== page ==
AF 447 Final Report Highlights Pilots' Training
The co-pilots who were in the cockpit when Air France Flight 447 ran into trouble and then crashed June 1, 2009, were startled and never grasped that the plane was stalling, France's aviation accident investigative agency concluded.
The final report from France's Bureau d'Enquetes et d'Analyses pour la securite de l'aviation civile (BEA), its aviation accident investigative agency, basically confirms what already is known about the crash, which killed all 228 people aboard the plane. It crashed after flying into a high-altitude thunderstorm off the northeastern coast of Brazil, and the co-pilots had no training for flying the plane manually at high altitudes, BEA said in its July 2011 third report on the case.
The final report issued July 5, 2012, concludes they were startled when the autopilot disengaged and no airspeed data were displayed. The likely cause of the disengagement was ice crystals blocking three Pitot probes; this phenomenon "was known but misunderstood by the aviation community at the time of the accident," BEA's final report states. It concludes the co-pilots had difficulty handling the aircraft at high altitudes in turbulence, and as a result the one controlling the plane gave erroneous inputs that worsened the situation. "The crew, progressively becoming de-structured, likely never understood that it was faced with a 'simple' loss of three sources of airspeed information," the report states on page 199.
The assumption is that pilots will correctly diagnose an in-flight problem and then find and employ the necessary procedures to solve it. But that did not happen here, which the report says "shows the limits of the current safety model.... A crew can be faced with an unexpected situation leading to a momentary but profound loss of comprehension. If, in this case, the supposed capacity for initial mastery and then diagnosis is lost, the initial inability to master the flight path also made it impossible to understand the situation and to access the planned solution."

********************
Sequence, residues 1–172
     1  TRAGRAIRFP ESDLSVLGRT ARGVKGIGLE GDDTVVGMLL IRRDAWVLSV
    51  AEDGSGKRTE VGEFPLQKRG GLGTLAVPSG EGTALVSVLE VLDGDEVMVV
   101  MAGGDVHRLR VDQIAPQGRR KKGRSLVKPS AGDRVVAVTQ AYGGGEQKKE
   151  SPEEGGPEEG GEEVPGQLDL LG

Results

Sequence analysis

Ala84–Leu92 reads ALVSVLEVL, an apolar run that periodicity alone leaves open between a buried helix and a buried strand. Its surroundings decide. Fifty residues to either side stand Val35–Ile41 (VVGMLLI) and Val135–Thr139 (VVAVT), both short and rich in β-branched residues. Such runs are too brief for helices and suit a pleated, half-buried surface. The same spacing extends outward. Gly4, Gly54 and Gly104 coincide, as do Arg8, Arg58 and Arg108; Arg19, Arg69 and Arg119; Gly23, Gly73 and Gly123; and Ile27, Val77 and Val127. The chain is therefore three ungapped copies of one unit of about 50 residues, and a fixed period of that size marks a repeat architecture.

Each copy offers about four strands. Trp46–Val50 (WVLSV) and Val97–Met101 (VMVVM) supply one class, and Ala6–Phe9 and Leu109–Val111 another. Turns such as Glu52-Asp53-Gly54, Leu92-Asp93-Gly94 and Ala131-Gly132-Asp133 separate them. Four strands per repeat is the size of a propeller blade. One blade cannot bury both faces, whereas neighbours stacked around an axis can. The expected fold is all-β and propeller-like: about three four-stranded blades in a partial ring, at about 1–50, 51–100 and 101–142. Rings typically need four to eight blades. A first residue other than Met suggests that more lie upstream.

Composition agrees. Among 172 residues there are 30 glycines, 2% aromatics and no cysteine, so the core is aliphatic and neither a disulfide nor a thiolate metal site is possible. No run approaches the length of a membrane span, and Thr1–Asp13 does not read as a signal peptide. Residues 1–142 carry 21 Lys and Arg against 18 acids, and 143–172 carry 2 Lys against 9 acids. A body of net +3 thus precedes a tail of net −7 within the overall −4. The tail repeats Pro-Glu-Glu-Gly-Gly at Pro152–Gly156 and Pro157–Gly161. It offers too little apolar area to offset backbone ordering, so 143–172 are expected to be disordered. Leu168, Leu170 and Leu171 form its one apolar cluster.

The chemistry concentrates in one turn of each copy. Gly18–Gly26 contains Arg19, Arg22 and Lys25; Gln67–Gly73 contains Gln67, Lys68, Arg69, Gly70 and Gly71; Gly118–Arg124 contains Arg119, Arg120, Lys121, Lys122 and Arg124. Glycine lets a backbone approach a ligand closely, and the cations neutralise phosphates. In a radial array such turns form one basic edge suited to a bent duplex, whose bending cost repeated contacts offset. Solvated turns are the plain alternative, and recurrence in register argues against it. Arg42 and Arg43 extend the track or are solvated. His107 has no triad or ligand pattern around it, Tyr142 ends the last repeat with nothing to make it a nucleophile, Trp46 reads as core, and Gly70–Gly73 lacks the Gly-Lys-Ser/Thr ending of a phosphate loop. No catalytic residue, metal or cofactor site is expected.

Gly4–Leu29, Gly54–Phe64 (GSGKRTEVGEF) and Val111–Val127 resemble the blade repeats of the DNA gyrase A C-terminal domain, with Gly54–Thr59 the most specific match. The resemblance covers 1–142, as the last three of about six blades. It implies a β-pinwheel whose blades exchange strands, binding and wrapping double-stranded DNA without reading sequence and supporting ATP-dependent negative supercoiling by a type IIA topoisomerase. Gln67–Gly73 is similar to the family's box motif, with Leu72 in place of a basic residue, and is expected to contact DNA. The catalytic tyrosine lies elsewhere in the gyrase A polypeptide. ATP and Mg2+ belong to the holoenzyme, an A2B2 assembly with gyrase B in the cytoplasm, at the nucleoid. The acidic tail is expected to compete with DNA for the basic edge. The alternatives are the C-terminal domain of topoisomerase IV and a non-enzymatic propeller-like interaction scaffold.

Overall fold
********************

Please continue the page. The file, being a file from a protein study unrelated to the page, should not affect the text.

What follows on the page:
The report's new recommendations include that the European Aviation Safety Agency ensure that pilots receive initial and recurrent training so they know how to handle aircraft at the limits of the flight envelope, understand flight mechanics at high altitude, and develop the capacity to manage crew resources when faced with unexpected situations.
Air France issued a statement thanking the BEA experts and paying tribute to the memory of the passengers and crew members who died. "In its analysis and conclusions, the BEA underlines a sequence and combination of several factors –- technical and human -– that led to the loss of the aircraft in just over four minutes," the statement says. "It confirms that the crew was properly trained and qualified in accordance with regulations and that the aircraft systems were functioning in accordance with design and met the applicable certification criteria. The BEA report describes a crew who acted in line with the information provided by the cockpit instruments and systems, and the aircraft behaviour as it was perceptible in the cockpit: instrument indications, triggering and stoppage of the alarms, aerodynamic noise, aircraft vibrations, etc. The reading of the various data did not enable them to apply the appropriate action. In this deteriorated aircraft cockpit environment, the crew, with the skills of one flight captain and two first officers, were committed to carrying out their task of piloting the aircraft to the very end. Air France wishes to pay tribute to their courage and determination in these extreme conditions."
The airline said it is currently involved in an ongoing process of improving flight safety procedures.
The report is of equal interest and importance to Airbus, which manufactured the plane and has watched closely to see what the investigators concluded about the stall warnings, displays, and systems used to fly it and to warn pilots of problems. In a statement posted on parent company EADS' investor relations website, Airbus said it welcomed the final report and has been involved from the start in investigating the crash. "The parties have spared no effort to seek a full understanding of this tragic event, driven by the collective goal of continuous improvement in aviation safety and their dedication to applying lessons learnt across the aviation industry for the benefit of the flying public and in respect of the victims and their families," the statement says. "The publication of the BEA's final report now provides the opportunity to further work on the lessons learned from this tragedy and measures to be applied to avoid the recurrence of such an accident. Without waiting for this final report, Airbus has already started working at industry level to further reinforce the robustness of pitot probes requirements and actively supports related activities. Airbus will examine the report now in full detail and seize upon every measure possible to contribute to the collective efforts toward further improving aviation safety. Airbus expresses its sympathy to all those who have lost family, friends or loved ones in this tragic accident."